Similar proposals have been introduced in the past, but have not had much luck getting a hearing.

Ohio: Initiative Revised to Include Home Cultivation

ResponsibleOhio, the organization working to legalize marijuana in 2016, recently announced an amendment to their initiative that would allow residents to grow their own weed. In addition, they are also changing the language of the proposal to include a 5 percent tax on retail marijuana.

“After extensive conversations with experts and concerned citizens across the state and nation, ResponsibleOhio has decided to include regulated and limited home growing as a part of our amendment,” said a ResponsibleOhio representative. “Combined with a lower tax rate for consumers, these changes will make our communities safer by smothering the black market.”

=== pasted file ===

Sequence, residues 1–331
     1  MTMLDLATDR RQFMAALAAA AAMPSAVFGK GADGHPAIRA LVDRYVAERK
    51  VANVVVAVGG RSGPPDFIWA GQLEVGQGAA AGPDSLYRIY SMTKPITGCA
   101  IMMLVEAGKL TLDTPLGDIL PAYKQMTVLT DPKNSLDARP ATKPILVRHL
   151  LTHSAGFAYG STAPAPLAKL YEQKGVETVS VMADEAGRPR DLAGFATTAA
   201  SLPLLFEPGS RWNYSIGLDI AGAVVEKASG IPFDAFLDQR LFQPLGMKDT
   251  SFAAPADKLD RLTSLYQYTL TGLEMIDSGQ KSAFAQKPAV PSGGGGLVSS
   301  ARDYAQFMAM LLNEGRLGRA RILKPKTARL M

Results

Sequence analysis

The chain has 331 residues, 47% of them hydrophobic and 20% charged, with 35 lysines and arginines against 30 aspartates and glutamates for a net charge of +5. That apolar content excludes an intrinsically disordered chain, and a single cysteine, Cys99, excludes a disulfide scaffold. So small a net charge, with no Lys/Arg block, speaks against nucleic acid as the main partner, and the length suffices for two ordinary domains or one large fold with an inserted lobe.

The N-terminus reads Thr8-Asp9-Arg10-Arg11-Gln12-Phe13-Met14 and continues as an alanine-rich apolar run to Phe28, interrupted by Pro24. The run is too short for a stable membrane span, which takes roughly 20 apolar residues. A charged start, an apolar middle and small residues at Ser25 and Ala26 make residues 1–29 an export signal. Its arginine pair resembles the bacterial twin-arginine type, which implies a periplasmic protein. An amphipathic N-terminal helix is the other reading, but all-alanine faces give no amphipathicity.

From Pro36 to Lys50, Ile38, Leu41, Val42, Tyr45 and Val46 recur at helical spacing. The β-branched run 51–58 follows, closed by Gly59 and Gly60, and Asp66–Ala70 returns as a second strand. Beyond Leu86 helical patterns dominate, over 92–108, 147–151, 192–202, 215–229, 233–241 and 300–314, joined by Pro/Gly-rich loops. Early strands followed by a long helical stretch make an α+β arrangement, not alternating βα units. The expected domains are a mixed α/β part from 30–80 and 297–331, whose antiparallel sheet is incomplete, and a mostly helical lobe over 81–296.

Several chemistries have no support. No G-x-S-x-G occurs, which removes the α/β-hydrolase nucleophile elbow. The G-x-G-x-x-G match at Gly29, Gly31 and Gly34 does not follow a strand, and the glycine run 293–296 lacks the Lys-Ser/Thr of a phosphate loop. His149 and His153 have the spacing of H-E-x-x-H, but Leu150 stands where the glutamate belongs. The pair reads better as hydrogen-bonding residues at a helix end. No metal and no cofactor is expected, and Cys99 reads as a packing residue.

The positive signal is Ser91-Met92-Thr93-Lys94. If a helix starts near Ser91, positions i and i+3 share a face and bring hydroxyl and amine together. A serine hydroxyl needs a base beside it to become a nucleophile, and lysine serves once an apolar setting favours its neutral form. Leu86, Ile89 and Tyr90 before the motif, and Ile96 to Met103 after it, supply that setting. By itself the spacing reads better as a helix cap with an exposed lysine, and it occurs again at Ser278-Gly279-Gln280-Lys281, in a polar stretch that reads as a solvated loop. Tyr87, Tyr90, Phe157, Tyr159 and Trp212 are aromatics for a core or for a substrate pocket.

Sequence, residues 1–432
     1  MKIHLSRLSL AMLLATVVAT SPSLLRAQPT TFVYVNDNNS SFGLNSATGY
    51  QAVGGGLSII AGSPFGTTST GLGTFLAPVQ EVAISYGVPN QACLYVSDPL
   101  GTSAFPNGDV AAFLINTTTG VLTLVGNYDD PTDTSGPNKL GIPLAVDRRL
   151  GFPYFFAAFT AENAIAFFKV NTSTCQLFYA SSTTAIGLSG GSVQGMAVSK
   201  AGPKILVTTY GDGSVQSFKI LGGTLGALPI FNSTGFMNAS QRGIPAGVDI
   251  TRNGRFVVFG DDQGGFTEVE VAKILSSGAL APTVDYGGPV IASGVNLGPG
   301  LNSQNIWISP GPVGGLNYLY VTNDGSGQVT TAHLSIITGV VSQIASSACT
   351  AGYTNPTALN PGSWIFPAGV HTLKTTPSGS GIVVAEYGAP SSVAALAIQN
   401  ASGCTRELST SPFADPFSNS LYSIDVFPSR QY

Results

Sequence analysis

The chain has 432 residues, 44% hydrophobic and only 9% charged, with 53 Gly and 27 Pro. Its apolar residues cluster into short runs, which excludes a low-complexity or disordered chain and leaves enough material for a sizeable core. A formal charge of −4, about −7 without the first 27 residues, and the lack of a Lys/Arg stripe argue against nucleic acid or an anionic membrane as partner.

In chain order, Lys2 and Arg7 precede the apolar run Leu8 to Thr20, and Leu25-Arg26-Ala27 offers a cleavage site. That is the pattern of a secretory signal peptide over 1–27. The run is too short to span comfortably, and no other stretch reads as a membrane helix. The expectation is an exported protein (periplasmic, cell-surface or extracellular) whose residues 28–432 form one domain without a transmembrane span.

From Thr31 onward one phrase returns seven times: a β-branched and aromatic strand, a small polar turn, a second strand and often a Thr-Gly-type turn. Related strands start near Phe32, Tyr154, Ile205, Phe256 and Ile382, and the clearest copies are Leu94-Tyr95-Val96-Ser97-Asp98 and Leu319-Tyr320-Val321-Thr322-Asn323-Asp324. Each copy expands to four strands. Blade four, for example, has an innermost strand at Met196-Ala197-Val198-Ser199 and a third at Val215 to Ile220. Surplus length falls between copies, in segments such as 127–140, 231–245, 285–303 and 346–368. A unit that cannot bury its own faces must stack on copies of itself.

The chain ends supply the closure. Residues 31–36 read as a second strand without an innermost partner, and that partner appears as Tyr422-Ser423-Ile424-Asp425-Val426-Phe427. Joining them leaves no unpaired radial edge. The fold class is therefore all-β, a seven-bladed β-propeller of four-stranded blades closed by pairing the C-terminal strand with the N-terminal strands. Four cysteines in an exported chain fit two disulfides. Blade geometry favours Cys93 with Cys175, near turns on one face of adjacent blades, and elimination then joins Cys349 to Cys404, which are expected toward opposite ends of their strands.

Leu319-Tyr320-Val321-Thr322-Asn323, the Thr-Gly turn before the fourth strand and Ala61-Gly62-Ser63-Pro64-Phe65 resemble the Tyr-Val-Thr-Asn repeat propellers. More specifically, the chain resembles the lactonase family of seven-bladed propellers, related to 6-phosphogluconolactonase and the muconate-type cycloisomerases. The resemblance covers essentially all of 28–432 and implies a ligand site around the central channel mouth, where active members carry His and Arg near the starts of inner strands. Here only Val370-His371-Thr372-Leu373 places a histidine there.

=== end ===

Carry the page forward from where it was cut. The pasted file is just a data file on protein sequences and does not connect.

There were some concerns over the original draft of the initiative, specifically the fact that it only permitted 10 grow operations to supply the state’s cannabis market. However, there is hope that the amended proposal will attract additional support.

Vermont: Bill Filed to Legalize Recreational Marijuana

Senator David Zuckerman has introduced a bill aimed at legalizing a taxed and regulated cannabis industry in Vermont. Senate Bill 95 would legalize the sale of marijuana to adults 21 and over at a tax rate of $40 per ounce. In addition to retail sales, the bill also allows for home cultivation, but unlike similar measures, the bill restricts the amount of weed that can be purchased by tourists. Unfortunately, there is not much hope of the bill passing this year, but there is speculation that it could gain stronger support in 2016. [link:

Maryland: Set of Bills Introduced to Legalize Marijuana